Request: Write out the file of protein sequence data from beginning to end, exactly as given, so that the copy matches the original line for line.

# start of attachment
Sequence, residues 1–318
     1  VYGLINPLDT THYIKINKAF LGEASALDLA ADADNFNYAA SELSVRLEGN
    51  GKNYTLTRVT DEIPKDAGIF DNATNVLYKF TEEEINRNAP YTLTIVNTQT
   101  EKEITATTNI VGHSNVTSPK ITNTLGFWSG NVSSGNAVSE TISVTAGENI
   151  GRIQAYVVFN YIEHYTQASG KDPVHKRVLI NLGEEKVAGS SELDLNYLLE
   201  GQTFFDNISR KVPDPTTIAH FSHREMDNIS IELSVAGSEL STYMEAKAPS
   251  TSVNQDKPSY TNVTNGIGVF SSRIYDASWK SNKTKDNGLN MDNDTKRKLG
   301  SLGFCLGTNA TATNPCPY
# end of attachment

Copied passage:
Sequence, residues 1–318
     1  VYGLINPLDT THYIKINKAF LGEASALDLA ADADNFNYAA SELSVRLEGN
    51  GKNYTLTRVT DEIPKDAGIF DNATNVLYKF TEEEINRNAP YTLTIVNTQT
   101  EKEITATTNI VGHSNVTSPK ITNTLGFWSG NVSSGNAVSE TISVTAGENI
   151  GRIQAYVVFN YIEHYTQASG KDPVHKRVLI NLGEEKVAGS SELDLNYLLE
   201  GQTFFDNISR KVPDPTTIAH FSHREMDNIS IELSVAGSEL STYMEAKAPS
   251  TSVNQDKPSY TNVTNGIGVF SSRIYDASWK SNKTKDNGLN MDNDTKRKLG
   301  SLGFCLGTNA TATNPCPY